|Figure 2: (a and b) Multiple ectopics before giving subarachnoid block and sinus rhythm for 5 min after giving subarachnoid block|
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The goal in the management of this patient was to avoid worsening of VPCs and its haemodynamic implications. Since the patient had no associated haemodynamic disturbances, no antiarrhythmic other than propranolol was suggested. Administering an anxiolytic and providing a calm, quiet environment reduced pre-operative stress and anxiety. Perioperative beta-blocker was continued as it controls symptoms in patients with VPCs from multiple sites.
We chose neuraxial anaesthesia as there was no structural or physiological abnormality of cardiovascular system, her effort tolerance was good, and the regurgitant fraction would be reduced by SAB. Neuraxial anaesthesia reduces the stress response and provides effective analgesia compared to general anaesthesia (GA), wherein haemodynamic stress responses have to be blunted during intubation and extubation. In the absence of any pathology, normocarbia, normothermia and analgesia could be well maintained with SAB. The incidence of bradycardia is increased if the sensory block is T5 or higher due to the inhibition of cardiac accelerator fibres, and the incidence is least with a level of T7–T8. We achieved a sensory block height of T8 to avoid severe bradycardia in an already beta-blocked patient. Addition of fentanyl to bupivacaine decreased the dose of bupivacaine needed and ensured a longer SAB without potentially increasing the adverse effects of high local anaesthetics. Studies have shown that sympathetic activity returns to normal after the sensory level has regressed to T10, which might have unmasked the basal stress level in the index patient.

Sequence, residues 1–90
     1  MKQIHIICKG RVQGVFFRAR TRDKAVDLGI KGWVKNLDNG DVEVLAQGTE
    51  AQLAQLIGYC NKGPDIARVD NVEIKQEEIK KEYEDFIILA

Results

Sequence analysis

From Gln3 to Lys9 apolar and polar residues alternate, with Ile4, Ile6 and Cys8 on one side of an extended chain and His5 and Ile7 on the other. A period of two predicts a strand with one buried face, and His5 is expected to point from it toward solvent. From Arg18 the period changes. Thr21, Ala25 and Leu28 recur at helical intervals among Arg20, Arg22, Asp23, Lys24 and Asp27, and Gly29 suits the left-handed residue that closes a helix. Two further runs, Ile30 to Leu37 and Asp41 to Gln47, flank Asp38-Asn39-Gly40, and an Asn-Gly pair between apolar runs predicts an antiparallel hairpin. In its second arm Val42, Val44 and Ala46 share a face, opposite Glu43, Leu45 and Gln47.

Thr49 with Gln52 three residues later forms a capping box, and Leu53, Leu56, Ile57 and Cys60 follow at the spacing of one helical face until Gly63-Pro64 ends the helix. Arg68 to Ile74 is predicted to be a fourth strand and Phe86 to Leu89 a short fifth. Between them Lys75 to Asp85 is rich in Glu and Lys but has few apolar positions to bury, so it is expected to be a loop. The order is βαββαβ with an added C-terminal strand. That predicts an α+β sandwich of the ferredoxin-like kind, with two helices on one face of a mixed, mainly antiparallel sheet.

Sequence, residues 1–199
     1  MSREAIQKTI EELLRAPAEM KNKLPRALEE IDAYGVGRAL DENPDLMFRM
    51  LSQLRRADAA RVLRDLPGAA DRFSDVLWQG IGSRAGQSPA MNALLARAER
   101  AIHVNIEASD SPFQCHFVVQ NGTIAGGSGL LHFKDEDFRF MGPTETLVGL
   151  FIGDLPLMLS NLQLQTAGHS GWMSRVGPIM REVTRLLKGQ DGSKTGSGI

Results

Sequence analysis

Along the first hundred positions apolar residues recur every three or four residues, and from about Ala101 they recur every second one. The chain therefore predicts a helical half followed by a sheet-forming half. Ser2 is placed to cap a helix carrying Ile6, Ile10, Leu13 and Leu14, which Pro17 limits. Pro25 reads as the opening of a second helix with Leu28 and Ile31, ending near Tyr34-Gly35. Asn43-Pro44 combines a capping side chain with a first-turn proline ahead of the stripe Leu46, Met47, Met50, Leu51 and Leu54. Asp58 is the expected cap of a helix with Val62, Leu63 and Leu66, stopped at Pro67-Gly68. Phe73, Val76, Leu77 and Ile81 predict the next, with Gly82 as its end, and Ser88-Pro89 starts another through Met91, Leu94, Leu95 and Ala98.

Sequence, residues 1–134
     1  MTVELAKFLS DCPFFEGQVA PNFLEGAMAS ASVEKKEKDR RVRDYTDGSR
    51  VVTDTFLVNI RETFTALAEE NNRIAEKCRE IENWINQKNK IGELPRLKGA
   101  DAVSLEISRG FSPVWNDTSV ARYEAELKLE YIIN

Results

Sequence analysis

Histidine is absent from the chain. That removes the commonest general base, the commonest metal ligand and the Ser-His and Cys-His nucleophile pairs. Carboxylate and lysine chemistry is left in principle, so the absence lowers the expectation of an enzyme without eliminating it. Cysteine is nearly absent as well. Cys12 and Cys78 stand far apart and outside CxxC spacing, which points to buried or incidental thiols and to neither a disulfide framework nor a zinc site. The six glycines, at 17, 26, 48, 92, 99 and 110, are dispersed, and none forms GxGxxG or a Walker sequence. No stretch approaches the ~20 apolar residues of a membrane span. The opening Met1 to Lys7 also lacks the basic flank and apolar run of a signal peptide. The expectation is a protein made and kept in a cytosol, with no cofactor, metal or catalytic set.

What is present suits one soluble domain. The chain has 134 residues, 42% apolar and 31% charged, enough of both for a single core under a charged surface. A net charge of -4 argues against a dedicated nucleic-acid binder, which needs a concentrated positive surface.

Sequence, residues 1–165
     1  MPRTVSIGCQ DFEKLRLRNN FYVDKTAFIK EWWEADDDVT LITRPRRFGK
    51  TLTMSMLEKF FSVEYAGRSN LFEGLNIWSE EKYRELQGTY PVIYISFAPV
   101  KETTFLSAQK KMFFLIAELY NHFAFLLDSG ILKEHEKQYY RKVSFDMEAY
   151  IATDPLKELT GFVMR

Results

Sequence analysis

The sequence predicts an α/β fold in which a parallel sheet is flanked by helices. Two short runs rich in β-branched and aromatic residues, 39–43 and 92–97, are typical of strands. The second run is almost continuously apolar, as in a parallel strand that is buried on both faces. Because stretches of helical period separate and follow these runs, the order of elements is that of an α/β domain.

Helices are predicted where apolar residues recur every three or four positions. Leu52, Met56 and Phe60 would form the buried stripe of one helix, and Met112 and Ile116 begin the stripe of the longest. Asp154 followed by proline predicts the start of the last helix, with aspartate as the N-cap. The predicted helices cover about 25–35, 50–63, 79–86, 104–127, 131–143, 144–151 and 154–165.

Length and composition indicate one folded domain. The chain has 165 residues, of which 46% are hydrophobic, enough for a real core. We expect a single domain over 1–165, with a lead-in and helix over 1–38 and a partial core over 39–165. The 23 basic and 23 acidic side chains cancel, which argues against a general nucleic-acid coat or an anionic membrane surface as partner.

Case reports have been published, wherein the neuraxial route has been safely utilised in arrhythmogenic syndromes such as Brugada and congenital sick sinus syndromes. There are case reports of management of patients with benign VPCs using GA. There also are case reports of management of patients with dilated cardiomyopathy with combined spinal–epidural anaesthesia, where giving a small dose of intrathecal local anaesthetic followed by epidural drugs is an effective management strategy.
The aim of submitting this case report was to emphasise the fact that after adequate workup to exclude cardiac pathology and electrolyte imbalance and with necessary resuscitative measures as a standby, a patient with VPCs can safely undergo surgery under SAB.
Declaration of patient consent
The authors certify that they have obtained all appropriate patient consent forms. In the form the patient(s) has/have given his/her/their consent for his/her/their images and other clinical information to be reported in the journal. The patients understand that their names and initials will not be published and due efforts will be made to conceal their identity, but anonymity cannot be guaranteed.
Financial support and sponsorship
Conflicts of interest
There are no conflicts of interest.
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[Figure 1], [Figure 2]